Today, I was daydreaming about going to a lake to free myself from some of the heat. I was imagining jumping into the cool water and what being surrounded by that wonderful lake would feel like. I imagined myself getting out of the water and walking to the beach and, “bam!”, that was that… no more daydreaming about jumping in the lake. Why? The embarrassment and shame of being seen in a bathing suit seemed to be drowning me.
Body image is something that thousands of people struggle with. For instance, only 20% of British women claim to feel confident about their bodies. (1) In the study, “Understanding Body Image in African American and Caucasian First Graders: A Partnership with the YMCA “(2), 12.1% of first graders were satisfied with their bodies, and among the children of normal weight, 89.5% were dissatisfied with their current body size. On the other end of the spectrum, four primary themes were identified from the study, Body Image, Aging, and Identity in Women Over 50: The Gender and Body Image (GABI) Study. (3) Those four themes are:
1) the physical and psychological experience of aging;
2) the injustices, inequities, and challenges of aging;
3) the importance of self-care; and
4) a plea for recognition of the need to maintain a contributory role in society.
In other words, self-image is based not only on how we look, but how relevant we feel in our lives, our communities, and even in our world. Additionally, women and girls are not the only ones who struggle with body image, men and boys also experience these struggles. Tyler Kingkade, a senior editor and reporter at Huffington Post, shared his sense of body shame and embarrassment in his article. (4) He shares the moments he became aware he was comparing himself to his peers which eventually led to him focusing too much on this body part or that and their imperfections. “David LaPorte…recalled a doctoral student he had a decade ago who studied the image perceptions of guys at the gym and discovered that 1/5 of men, who were considered to be in shape, were uncomfortable taking their shirts off.” (5)
So, what do these various articles tell us about body image? First and foremost, way too many of us are ashamed of how we look. I often wonder what happens to that sweet baby, we all once were, who loves his/her own toes so much that s/he sucks them. Watching babies and seeing how happy they are to see their own smiling faces in the mirror, I want to know, how do we get that self-appreciation back?
The study done with children shows that much of how children determine comfort with their body image is based on in their mom’s acceptance or disappointment of her own body. Furthermore, while the dissatisfaction for all the Caucasian moms and children was that they wanted to be thinner/smaller, for many of the African American moms and children, they wanted to be somewhat larger. (6) Either way, no one was okay with how they were, even if their weight was considered healthy for their height.
In Medical News Today, Ana Sandoiu refers to the impact of social media on body image. “They felt worse about their own appearance after looking at social media accounts of someone that they perceived to be more attractive than them.” (7) This idea of “social comparison” is referred to in Kingkade’s article as well, where examples of men feeling like everyone is looking at them and judging them on their appearance creates more anxiety and less desire to be seen.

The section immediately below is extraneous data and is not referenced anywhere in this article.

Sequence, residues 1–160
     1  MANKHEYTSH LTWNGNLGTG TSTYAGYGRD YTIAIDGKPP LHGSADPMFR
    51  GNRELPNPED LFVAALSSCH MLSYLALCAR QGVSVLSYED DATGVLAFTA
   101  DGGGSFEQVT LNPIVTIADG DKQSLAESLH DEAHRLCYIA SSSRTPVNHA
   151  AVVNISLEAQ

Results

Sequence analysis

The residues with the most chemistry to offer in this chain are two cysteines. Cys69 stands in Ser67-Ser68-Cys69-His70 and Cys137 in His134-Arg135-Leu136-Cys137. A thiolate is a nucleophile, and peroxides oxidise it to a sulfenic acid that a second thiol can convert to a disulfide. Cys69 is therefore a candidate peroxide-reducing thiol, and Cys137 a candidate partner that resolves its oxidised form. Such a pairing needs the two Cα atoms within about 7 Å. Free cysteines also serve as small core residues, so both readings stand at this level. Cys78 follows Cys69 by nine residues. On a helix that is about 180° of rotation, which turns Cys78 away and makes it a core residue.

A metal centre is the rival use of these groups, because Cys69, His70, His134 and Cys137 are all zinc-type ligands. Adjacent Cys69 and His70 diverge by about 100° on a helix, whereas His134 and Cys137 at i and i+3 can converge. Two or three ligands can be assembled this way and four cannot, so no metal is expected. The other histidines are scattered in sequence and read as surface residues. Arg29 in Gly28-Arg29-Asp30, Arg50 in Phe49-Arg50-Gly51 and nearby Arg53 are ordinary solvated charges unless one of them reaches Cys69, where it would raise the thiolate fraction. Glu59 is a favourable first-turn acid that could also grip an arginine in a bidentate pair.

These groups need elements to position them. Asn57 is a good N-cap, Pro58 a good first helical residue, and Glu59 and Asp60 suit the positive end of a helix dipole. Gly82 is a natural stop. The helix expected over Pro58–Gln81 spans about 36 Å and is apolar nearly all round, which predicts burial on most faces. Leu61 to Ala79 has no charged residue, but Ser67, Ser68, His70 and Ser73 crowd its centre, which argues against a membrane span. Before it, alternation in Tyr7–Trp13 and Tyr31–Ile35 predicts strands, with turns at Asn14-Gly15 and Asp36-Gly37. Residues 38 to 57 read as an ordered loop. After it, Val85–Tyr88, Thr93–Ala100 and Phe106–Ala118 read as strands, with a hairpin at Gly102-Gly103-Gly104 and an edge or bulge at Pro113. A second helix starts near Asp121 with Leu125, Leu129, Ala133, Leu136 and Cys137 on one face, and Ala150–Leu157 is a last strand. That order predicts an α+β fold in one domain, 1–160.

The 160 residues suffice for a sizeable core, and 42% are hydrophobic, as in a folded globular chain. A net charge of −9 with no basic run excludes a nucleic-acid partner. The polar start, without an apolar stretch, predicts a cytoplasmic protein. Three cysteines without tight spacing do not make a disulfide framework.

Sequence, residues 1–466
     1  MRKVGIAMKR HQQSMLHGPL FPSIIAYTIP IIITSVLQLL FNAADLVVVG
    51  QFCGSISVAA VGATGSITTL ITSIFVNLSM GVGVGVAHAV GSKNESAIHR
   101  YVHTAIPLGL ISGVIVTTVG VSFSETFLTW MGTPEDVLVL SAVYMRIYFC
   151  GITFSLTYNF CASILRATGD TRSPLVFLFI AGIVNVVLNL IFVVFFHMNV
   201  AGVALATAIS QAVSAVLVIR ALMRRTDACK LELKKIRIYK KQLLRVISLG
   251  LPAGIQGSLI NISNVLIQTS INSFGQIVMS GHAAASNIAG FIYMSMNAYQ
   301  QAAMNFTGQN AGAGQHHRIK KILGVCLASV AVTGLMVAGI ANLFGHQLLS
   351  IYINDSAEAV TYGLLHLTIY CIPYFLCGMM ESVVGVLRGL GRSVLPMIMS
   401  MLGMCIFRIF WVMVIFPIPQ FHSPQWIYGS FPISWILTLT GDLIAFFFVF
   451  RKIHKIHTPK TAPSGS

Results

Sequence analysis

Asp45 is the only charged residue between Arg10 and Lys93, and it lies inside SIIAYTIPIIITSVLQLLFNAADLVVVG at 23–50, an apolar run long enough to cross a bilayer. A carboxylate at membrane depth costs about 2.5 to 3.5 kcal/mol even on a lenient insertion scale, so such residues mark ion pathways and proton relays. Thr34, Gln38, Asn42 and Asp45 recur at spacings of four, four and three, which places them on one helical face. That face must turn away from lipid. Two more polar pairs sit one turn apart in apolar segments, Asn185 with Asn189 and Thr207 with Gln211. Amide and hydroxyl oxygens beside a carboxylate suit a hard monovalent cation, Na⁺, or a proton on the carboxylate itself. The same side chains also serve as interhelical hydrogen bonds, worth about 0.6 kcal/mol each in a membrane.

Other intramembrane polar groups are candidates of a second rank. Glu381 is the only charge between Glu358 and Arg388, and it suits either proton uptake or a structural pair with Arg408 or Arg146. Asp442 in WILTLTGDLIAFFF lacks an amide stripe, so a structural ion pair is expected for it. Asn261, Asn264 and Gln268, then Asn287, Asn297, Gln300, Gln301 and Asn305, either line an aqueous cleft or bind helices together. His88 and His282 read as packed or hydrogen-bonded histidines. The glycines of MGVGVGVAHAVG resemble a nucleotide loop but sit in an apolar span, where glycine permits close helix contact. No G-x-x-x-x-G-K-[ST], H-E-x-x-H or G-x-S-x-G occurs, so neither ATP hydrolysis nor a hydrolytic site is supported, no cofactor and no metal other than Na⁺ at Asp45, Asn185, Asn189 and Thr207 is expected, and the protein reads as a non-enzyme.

Sometimes, poor body image happens because we don’t know if we belong, we think everyone else is better than we are, or we don’t feel relevant to society. Either way, a negative self-image is destructive to all of us. It keeps us from being okay with who we are, with taking risks, and, on those hot summer days, it keeps many of us from finding relief in a local lake or pool. Where do we go from here? The first thing that we can do is to be kinder to ourselves and each other. We can be more accepting of ourselves and each other. Let’s broaden our perspective of what is attractive. Let’s seek health over image. Doing these things will allow us to enjoy our lives that much more. In closing, it is with great respect, love and admiration that I say to everyone, go jump in the lake and embrace the skin you’re in!
Author: Emily Norton, Common Ground Resource and Crisis Helpline Specialist
- George Lane-Godfrey, Women’s Health, 2017.
- Dawnavan Scott Davis, PhD, MS, Tracy Sbrocco, PhD., and Jancie William.
- Hofmeier, MC, LPC; Runtfoia, Ph.D; Sala, B.S.; Gagne, BA; Brownley, PhD.; and Bulk, Ph.D. 2017, Jan-Feb, J Women Aging.
- “I’m a Man, and I’ve Spent My Life Ashamed of My Body.”
- Kingkade, page 2.
- “Body Image in Children”, page 14.
- “How does social media use affect our body image?”, 2018, Nov.
Davis, D. S., Sbrocco, T., & Williams, J. (2009). Understanding body image in African American and Caucasian first-graders: A partnership with the YMCA. Retrieved from https://www.ncbi.nlm.nih.gov/pmc/articles/PMC3050004/
Hofmeier, S. M., Runfola, C. D., Sala, M., Gagne, D. A., Brownley, K. A., & Bulik, C. M. (2017). Body image, aging, and identity in women over 50: The Gender and Body Image (GABI) study. Retrieved from https://www.ncbi.nlm.nih.gov/pmc/articles/PMC5215963/
Kingkade, T., & Kingkade, T. (2015, August 20). I’m A Man, And I’ve Spent My Life Ashamed Of My Body. Retrieved from https://huffpost.com/entry/male-body-image_n_55cb5fd2e4b0923c12bec79a
Person. (2018, October 24). Negative Body Image Now Affects 10 Million Women in the UK – WH Investigates Why. Retrieved from https://womenshealthmag.com./uk/health/mental-health/a707260/negative-body-image/
Sandoiu, A. (2018, November 19). How does social media use affect our body image? Retrieved from https://www.medicalnewstoday.com/articles/323725.php